Cardiff was once a place where angels feared to tread. The locals had long memories, a cherished sense of identity and a tradition of tribal ferocity. Aaron Ramsey turned them into a bunch of pussycats yesterday with the ease with which he has helped establish Arsenal as credible champions.
He scored twice, pointedly refused to celebrate and received due reward for his exaggerated respect. The home crowd chanted “There’s only one Aaron Ramsey” and he responded by beating his head in the approved Ayatollah manner. That he had sent Arsenal seven points clear in the Premier League at the expense of his former club was overlooked. His performance generated a perverse pride, despite its implications for a Cardiff side restricted to a 15-minute second-half rally.
Even Malky Mackay, Cardiff’s manager, recognised the significance of the homage paid to the club’s youngest player, who is being mentioned in the same breath as Gareth Bale as a Welsh sporting icon. “Our fans are a class act,” he said. “They are very passionate people but he is one of their own. It was only right they should show their appreciation.”
Arsène Wenger, too, was full of praise for the Cardiff fans, and when asked to compare Ramsey with Bale did not demur: “He can defend, attack and score goals. What more do you want? Remember he is still young. He can develop still further.”
Cardiff City would hope to do the same. But this a team saddled with the burdens of nationhood. Just to make the point, the public-address announcer welcomed the teams by yelling: “From the capital city of England, Arsenal, and from the capital city of Wales, your team, Cardiff City.”
Cue canned male-voice choirs and a sense of belonging that failed to survive a glance at the directors’ box, which was a mirror of modern football culture. Owner Vincent Tan, a faintly preposterous figure in red replica shirt worn over a long- collared dress shirt, sat alongside Richard Scudamore, the Premier League chief executive and Neil Kinnock, the former Labour leader.
Ramsey dominated a bitter-sweet day, which began with a generous round of applause during the warm-up and ended with a throaty cheer on the way to the exits.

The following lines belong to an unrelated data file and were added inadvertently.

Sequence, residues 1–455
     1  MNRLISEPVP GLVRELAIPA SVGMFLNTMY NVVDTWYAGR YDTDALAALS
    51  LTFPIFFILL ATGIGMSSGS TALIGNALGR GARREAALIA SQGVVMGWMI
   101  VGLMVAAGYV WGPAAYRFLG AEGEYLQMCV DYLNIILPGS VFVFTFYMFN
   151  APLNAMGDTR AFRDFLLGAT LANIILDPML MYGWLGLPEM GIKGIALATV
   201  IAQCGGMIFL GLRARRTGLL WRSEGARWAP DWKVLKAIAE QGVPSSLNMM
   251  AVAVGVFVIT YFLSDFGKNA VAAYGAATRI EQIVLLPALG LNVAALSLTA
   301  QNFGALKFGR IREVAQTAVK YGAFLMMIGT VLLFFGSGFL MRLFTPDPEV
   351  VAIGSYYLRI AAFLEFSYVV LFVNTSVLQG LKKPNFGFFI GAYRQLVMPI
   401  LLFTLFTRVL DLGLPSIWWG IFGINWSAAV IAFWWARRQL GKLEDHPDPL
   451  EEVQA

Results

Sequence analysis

Jack Wilshere who scored after 32 seconds in the Champions’ League in midweek, was again on the early shift. Only 68 seconds had elapsed when his shot beat David Marshall, only to rebound to safety off the angle of crossbar and upright.
The suspicion that Olivier Giroud lacks the requisite predatory instincts hardened in a bizarre 15th-minute incident when, wrongly adjudged onside, he simply stopped playing and allowed Steven Caulker to get back to clear.
Wenger, as flabbergasted at the schoolboy error as anyone, had cause to be grateful for Ramsey’s burgeoning ability to contribute all types of goals when Arsenal took an overdue lead in the 29th minute. Mesut Özil’s ball into the box was driven in at daunting pace, but Ramsey shaped his scoring header with telling accuracy and agility.
Usually scorers wheel away in a brief burst of adrenaline-fuelled euphoria, but Ramsey remained with his arms by his side and seemed embarrassed by the congratulatory scrum in which he was consumed. The crowd recognised his discomfort with a round of applause as unexpected as it was edifying.
Cardiff’s brief burst of retaliatory pressure faded away once Frazier Campbell’s downward header was repelled by a strong right-handed save by Wojciech Szczesny. It was an entirely different game, in terms of atmosphere and anticipation, to the matches against the Manchester giants, which yielded Cardiff four points. The underdog howl was replaced by a murmur of resignation and unabashed admiration.
The love-in intensified in added time with Ramsey’s second goal, his 15th of a breakthrough season for club and country. He launched Theo Walcott on the counter-attack and continued his run to be in the perfect position to receive the return ball. His shot into the top corner was emphatic, and reflected the nature of the collective performance.
Arsenal had effectively made the game safe four minutes from the end of normal time, when substitute Mathieu Flamini, playing with his sleeves artfully rolled up, scored his first goal for the club since January 2008 with a similarly decisive driven shot.
“Nobody could have imagined the situation we find ourselves in when we lost our first game” Wenger admitted. “Every win makes us stronger, but we have to keep a level of urgency, because things change quickly when you relax.”
Mackay was less cautious when asked whether Arsenal can win their first title in nine years : “ Where are they in the table? First. It’s not rocket science, is it?”
Cardiff City (4-1-4-1): Marshall; Theophile-Catherine, Caulker, Turner, Taylor (Cornelius, 87); Medel; Cowie, Mutch, Whittingham, Kim (Noone, 74); Campbell (Odemwingie, 64).
Arsenal (4-2-3-1): Szczesny; Sagna, Mertesacker, Koscielny, Gibbs; Arteta, Ramsey; Cazorla (Flamini, 76), Wilshere (Monreal, 80), Özil (Walcott, 89); Giroud.
Referee: Lee Mason.
Man of the Match: Aaron Ramsey
Match rating: 7/10